- "LaMia". Aviation Safety Network. Retrieved 26 December 2016.
- André, Christopher (30 November 2016). "La historia del avión que se estrelló en Colombia" [The history of the plane that crashed in Colombia]. El Deber (in Spanish). Archived from the original on 2 December 2016. Retrieved 30 November 2016.
- "En julio comienzan a llegar aeronaves de Lamia a Mérida" [In July, Lamia planes will begin to arrive in Mérida]. Diario Los Andes. Retrieved 29 November 2016.
- González, Alexander (19 August 2014). "Chanchullo con aerolínea Lamia". Diario de los Andes. Archived from the original on 2016-12-20. Retrieved 7 December 2016.
- Maslen, Richard (4 August 2011). "New Airline: LAMIA Plans Relaunch in Venezuela". RoutesOnline. Retrieved 29 November 2016.
- "LaMia commences domestic Venezuelan operations". CH-Aviation. 5 November 2013. Retrieved 29 November 2016.
- "Promesas fallidas, mudanzas y negocios oscuros detrás del único avión que volaba la empresa LAMIA" [Failed promises, moves and hidden deals behind the only plane flown by LAMIA]. Infobae (in Spanish). 29 November 2016. Retrieved 30 November 2016.
- Navas, Vanessa (1 December 2016). "Lamia nunca obtuvo permiso para volar en Venezuela, asegura diputado Joaquín Aguilar" [Lamia never obtained permission to fly in Venezuela, says deputy Joaquín Aguilar]. El Cooperante. Retrieved 7 December 2016.
- "Habló el dueño del avión de LAMIA: tomó distancia de la tragedia y le echó la culpa a "un rayo"" [The owner of the LAMIA plane speaks: he distanced himself from the tragedy and blamed it on "a lightning bolt"]. Infobae. 29 November 2016. Retrieved 30 November 2016.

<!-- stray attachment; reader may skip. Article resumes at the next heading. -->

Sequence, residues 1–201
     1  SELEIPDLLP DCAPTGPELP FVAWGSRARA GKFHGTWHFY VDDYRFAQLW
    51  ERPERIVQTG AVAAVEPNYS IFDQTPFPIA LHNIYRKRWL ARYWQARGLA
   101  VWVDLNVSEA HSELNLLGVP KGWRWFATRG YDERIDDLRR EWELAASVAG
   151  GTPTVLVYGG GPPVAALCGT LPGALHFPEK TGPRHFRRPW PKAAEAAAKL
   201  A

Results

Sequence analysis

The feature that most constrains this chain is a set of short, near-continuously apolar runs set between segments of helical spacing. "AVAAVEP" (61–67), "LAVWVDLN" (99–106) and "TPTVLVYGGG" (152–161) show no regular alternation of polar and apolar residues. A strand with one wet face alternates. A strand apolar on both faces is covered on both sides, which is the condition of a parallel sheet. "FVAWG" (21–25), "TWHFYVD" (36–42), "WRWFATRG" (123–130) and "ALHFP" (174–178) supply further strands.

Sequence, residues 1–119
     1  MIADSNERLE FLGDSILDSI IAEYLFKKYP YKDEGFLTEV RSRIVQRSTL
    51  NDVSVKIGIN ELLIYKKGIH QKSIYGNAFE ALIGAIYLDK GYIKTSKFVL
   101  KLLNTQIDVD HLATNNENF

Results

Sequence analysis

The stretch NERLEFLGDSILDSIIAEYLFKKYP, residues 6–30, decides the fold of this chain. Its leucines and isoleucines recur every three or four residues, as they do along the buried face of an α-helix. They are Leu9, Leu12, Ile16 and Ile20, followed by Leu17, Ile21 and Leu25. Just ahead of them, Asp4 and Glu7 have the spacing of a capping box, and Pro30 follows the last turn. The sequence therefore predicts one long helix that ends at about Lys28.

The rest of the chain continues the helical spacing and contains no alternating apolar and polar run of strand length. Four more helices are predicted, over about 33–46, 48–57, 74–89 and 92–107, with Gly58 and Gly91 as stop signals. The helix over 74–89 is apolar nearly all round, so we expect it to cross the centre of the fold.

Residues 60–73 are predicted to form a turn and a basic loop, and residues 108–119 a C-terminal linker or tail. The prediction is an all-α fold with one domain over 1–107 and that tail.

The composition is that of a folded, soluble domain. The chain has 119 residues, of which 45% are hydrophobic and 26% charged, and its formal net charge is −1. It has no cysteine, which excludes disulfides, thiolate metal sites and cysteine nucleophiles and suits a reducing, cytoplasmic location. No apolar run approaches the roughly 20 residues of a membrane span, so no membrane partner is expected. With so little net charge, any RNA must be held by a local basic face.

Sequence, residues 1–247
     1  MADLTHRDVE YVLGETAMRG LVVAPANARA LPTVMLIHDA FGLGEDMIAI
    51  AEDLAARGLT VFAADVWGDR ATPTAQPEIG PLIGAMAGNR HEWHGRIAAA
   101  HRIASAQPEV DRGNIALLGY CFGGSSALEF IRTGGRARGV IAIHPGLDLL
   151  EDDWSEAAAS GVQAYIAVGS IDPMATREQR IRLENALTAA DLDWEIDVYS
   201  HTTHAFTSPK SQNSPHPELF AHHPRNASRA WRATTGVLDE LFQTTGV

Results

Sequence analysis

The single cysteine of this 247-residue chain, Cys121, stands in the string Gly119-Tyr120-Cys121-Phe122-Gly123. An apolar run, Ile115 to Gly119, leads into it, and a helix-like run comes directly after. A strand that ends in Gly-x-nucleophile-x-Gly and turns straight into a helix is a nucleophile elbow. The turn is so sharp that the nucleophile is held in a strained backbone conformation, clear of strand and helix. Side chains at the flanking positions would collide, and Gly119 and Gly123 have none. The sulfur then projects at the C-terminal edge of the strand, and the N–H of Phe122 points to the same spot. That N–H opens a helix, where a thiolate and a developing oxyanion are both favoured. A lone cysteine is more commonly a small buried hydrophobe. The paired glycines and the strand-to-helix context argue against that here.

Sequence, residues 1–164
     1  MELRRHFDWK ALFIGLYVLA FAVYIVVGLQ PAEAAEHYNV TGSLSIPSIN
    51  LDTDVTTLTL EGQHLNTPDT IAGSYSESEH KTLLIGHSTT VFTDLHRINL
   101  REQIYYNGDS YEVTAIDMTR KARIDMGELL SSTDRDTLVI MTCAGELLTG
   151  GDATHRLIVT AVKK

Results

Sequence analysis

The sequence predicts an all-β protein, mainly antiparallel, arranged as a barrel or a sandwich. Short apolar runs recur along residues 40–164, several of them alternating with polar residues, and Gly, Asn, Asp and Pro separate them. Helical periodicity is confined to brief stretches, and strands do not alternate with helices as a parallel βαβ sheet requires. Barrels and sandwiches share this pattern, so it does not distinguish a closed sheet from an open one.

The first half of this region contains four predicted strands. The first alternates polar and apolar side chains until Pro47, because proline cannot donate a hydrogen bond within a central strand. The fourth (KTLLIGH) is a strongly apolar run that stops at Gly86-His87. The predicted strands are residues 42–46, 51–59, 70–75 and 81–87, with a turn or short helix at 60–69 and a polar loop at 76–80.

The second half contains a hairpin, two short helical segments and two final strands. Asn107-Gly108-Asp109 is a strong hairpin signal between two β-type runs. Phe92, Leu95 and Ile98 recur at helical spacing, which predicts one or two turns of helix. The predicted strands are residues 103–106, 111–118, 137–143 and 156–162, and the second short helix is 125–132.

- Navia, Roberto; Alanoca, Jesús (7 December 2016). "Fiscalía precinta naves de LaMia en hangar de FAB" [Prosecutors seal off LaMia planes in FAB [Bolivian Air Force] hangar]. El Deber. Archived from the original on 8 December 2016. Retrieved 7 December 2016.
- Navia, Roberto (29 November 2016). "LaMia es boliviana y uno de sus dueños falleció" [LaMia is Bolivian and one of its owners died]. El Deber (in Spanish). Archived from the original on 30 November 2016. Retrieved 29 November 2016.
- Rojas Moreno, Fernando (17 April 2016). "Línea Lamia vuela en Bolivia y dos foráneas alistan incursión" [Lamia airline flies in Bolivia and two foreign carriers prepare market entry]. El Deber. Archived from the original on 10 December 2016. Retrieved 29 November 2016.
- Alanoca, Jesús. "LaMia recibió certificado 'indefinido' en julio 2015" [LaMia received "indefinite" certificate in July 2015]. El Deber (in Spanish). Archived from the original on 2 December 2016.
- "Aerolínea LAMIA Corporation se presenta en Paraguay" [Airline LAMIA Corporation presents itself in Paraguay]. Aeronáutica Paraguay (in Spanish). 20 September 2016. Retrieved 30 November 2016.
- "Chapecoense air crash: Bolivia suspends LaMia airline". BBC News. 1 December 2016. Retrieved 1 December 2016.
- Alanoca, Jesús (29 November 2016). "LaMia no está registrada en Ministerio de Trabajo" [LaMia is not registered with Labor Ministry]. El Deber. Archived from the original on 30 November 2016. Retrieved 29 November 2016.